NEW YORK (Reuters) -
Merrill Lynch's agreement to sell
$30.6 billion of toxic securities gives away the bank's
potential profits on the securities and leaves it on the hook
for most of the risk, strategists at Bank of America wrote on
Wednesday.

Merrill Lynch & Co Inc (MER.N) has financed 75 percent of
the sale of the securities, meaning it is on the hook if the
assets decline by more than 5 cents on the dollar, Bank of
America strategist Jeffrey Rosenberg wrote.

Merrill agreed earlier this week to sell the $30.6 billion
portfolio of collateralized debt obligations to private equity
firm Lone Star Funds for 22 cents on the dollar, or $6.7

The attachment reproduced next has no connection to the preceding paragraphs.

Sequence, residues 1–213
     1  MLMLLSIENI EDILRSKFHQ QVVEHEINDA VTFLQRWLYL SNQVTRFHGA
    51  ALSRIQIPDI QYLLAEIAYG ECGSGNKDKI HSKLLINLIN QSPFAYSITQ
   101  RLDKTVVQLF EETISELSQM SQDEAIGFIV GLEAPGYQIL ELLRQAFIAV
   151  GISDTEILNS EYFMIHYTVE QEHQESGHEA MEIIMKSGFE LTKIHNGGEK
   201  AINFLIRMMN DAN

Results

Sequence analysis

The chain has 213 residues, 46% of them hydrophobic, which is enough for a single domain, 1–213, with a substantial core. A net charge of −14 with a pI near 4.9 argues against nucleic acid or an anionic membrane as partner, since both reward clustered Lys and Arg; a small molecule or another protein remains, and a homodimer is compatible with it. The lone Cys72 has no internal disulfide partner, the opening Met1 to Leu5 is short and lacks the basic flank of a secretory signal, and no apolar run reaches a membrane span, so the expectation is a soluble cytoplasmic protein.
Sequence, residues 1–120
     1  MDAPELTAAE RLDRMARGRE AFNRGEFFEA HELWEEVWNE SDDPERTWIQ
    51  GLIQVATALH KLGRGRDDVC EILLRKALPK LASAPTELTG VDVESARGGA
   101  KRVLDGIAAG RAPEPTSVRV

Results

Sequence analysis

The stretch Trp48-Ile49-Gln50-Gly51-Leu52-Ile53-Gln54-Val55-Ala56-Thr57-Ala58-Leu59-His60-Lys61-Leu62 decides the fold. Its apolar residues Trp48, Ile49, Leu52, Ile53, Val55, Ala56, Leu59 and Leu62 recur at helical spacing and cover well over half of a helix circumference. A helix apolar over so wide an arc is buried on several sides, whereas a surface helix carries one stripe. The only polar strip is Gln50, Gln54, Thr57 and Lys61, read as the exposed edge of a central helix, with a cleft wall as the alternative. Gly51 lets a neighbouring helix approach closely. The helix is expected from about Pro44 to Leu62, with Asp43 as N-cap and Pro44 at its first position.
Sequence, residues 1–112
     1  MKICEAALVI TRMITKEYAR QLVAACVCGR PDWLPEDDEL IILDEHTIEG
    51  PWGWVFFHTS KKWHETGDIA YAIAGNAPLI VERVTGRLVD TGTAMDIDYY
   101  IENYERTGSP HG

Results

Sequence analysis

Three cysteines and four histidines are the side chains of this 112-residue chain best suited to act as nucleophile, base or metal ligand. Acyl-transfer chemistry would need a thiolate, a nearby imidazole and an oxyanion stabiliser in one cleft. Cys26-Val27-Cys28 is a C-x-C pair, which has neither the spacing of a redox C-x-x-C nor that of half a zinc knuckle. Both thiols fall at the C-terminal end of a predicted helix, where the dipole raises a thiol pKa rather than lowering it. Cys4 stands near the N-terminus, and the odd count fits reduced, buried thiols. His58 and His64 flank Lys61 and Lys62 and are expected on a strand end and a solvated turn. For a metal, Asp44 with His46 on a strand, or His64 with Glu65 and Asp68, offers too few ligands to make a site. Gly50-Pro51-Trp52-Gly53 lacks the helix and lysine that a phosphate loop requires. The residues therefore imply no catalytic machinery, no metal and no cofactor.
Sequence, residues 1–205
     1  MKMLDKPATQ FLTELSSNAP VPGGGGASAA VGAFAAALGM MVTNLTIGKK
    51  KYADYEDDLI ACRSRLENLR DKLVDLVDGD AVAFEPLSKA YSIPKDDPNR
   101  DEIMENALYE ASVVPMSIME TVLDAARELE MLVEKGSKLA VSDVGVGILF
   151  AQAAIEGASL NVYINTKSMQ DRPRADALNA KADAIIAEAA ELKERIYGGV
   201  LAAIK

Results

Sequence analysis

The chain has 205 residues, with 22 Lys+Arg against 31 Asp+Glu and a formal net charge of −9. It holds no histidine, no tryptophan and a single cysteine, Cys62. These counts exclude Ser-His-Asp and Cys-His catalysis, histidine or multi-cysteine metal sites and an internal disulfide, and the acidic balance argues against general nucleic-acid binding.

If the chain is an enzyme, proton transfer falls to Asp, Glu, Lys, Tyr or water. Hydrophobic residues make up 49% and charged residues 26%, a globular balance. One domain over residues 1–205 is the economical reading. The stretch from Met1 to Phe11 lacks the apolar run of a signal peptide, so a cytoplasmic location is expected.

billion.

Analysts, including Rosenberg, initially reacted positively
to the deal, and Merrill's shares rose nearly 8 percent on
Tuesday, even though the investment bank sold $8.55 billion of
new shares to raise capital after selling the assets at a loss.

Citigroup analysts called the asset sale a "watershed
event."

But Rosenberg wrote Wednesday that "perhaps the initial
euphoria over Merrill's asset sale and capital raise ...
overstates the positive implications."

In a report entitled "On Second Thought ... " Rosenberg
wrote, "Merrill now finds itself effectively in the position of
having sold off its upside but retaining its downside."

Because Merrill is still exposed to losses, the asset sale
can't be seen as a sign the financial sector has finally
touched bottom as some analysts have suggested, Rosenberg
wrote.

Merrill shares rose 63 cents, or 2.4 percent, to $26.84 on
the New York Stock Exchange on Wednesday.

(Reporting by Elinor Comlay; editing by Jeffrey Benkoe)

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